the registry number 11,174 and the
engine number 767597. The officers
began Friday evening to call up all'
towns adjacent to St. Johnsbury and
have kept this u Saturday morn
ing. Any one finding the car is ask
ed to telephone the chief of police at
St. Johnsburv, John B. Finley. Mr.
Coveny works at Morse's Mills in
Danville and left for his home Sat-
urdav morning after spending the i
night in St. Johnsbury. !
Laymen's League Service
at North Danville
The Laymen's League conducted
the morning service at the North
Danville, Daptist church Sunday
morning and there was a larcre at
tendance of the people from that vi
cinity. The team participating in the
service consisted of E. C. Smith, Wal
ter L. Kendall, O. C. Jones, Arthur
n. Drooks, S. 1). At wood. Mr. Smith
conducted the service and gave the
Mr. Jones and solos were rendered by
Mr. Atwood and Mr. Brooks. . This
church had a quota of $1,500 for four
years in the Inter Church World
movement, and went over the top by
MARSHAL'S OPTICAL VISIT
A. G. Preble of Montpelier, deputy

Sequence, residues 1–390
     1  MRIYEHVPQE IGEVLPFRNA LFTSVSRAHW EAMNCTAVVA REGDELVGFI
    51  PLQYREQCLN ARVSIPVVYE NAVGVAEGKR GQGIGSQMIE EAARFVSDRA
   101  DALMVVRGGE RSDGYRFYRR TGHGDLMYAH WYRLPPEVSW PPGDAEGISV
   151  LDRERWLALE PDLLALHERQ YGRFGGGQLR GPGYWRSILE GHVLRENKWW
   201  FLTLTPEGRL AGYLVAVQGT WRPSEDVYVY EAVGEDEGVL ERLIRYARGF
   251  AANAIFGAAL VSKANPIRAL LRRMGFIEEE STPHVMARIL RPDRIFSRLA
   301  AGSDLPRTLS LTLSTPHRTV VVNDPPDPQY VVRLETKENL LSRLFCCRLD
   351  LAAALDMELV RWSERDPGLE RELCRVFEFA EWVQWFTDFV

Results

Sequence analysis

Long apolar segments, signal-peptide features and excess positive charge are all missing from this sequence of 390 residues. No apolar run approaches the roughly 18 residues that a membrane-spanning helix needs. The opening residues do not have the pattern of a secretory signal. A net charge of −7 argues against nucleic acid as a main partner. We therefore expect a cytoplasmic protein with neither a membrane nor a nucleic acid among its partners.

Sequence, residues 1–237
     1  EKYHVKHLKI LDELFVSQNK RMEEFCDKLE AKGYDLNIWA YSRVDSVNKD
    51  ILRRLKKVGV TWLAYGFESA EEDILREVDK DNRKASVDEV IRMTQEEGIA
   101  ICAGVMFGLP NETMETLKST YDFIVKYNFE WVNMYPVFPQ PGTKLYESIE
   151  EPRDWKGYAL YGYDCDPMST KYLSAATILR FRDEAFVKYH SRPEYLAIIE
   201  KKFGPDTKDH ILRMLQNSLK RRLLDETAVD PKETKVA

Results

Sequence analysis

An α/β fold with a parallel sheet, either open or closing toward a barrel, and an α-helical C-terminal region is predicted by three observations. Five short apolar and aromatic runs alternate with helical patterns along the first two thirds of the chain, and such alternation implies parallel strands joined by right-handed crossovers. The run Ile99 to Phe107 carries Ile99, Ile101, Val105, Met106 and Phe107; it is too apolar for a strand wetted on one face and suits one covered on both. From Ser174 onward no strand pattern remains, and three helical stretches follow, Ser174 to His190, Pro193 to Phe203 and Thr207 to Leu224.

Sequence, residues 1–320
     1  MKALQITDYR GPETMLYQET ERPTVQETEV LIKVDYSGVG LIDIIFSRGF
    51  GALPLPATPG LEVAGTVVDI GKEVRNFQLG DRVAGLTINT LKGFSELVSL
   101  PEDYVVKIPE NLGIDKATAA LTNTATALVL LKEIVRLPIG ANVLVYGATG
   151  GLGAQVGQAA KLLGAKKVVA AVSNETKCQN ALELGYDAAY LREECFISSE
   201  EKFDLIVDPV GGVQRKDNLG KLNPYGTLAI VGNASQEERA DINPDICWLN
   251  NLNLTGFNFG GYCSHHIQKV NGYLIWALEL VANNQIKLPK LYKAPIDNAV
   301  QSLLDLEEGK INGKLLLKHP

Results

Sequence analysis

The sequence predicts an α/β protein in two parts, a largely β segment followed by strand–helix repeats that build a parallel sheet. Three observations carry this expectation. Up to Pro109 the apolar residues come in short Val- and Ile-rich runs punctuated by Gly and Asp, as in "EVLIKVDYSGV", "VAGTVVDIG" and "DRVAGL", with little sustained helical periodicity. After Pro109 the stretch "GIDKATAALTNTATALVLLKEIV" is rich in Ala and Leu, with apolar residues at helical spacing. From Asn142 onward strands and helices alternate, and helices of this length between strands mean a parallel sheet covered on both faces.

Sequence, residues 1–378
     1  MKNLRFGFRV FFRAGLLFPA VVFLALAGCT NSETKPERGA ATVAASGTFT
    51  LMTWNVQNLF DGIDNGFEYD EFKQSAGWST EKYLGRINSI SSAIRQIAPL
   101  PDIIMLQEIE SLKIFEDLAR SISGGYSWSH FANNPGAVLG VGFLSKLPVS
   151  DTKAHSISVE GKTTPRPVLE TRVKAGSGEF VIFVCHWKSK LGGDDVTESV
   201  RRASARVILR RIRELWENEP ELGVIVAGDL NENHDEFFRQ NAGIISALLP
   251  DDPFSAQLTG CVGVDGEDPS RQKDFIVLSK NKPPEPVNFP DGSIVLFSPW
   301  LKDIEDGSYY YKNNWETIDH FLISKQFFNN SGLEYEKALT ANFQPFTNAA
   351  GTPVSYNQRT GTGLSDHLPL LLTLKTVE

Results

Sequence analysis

State Fire Marshal, is making an
official visit to St. Johnsburv and
spent Friday inspecting the build- j
ings in the business distrct of the
town. Mr. Preble is deputy to J. G
Brown of Montnelicr who is not only
the State Fire Marshal but the State
Insurance Commissioner and the de
partment of which he is the efficient
head is working to protect property
from fire in all parts of the state.
Mr. Preble found some exceedin"'"
dangerous fire hazards in the base
ments of some of the buildings and
in alio- ways and has already con- I
demncd one building. This is the
barn off Prospect Avenue owned by
Gordon C. Weeks and it has been
condemned as being unsafe for pedes
trians as well as a fire hazard.
Mr. Preble's visit was not timed to
precede our annual clean up cam
paign, but he not only endorses such
a caninaign but believes there should
be a clean u in basements and alleys
every week in the year as a safeguard
against fires. The law is very strict
for - - failure to complv with the
orders of the State Fire Marshal and
if after ten days no notice is taken of
the order there is a fine of $10 a day i
until the order is complied with.
Mr. Preble is convinced that there
oyght to be village ordinances that
would prevent the building of fires in
alley wavs back of stores and other
buildings and also one for the use
and abuse of gasolene. It is not gen
erally known that the fumes of five
gallons of confined "asolene are
equal to 8" pounds of dynamite. The
results of Mr. Preble's inspection will
be reported to his chief in Montpelier
and conies of all recommendations
and orders left with Harry J. Mar
den, the chief of the fire deoartment.
Mr. Mardcn will make inspections
every month to sec that the orders of
his superiors are carried out. Any
failure to carry out theA recommen
dations and ' orders will be reported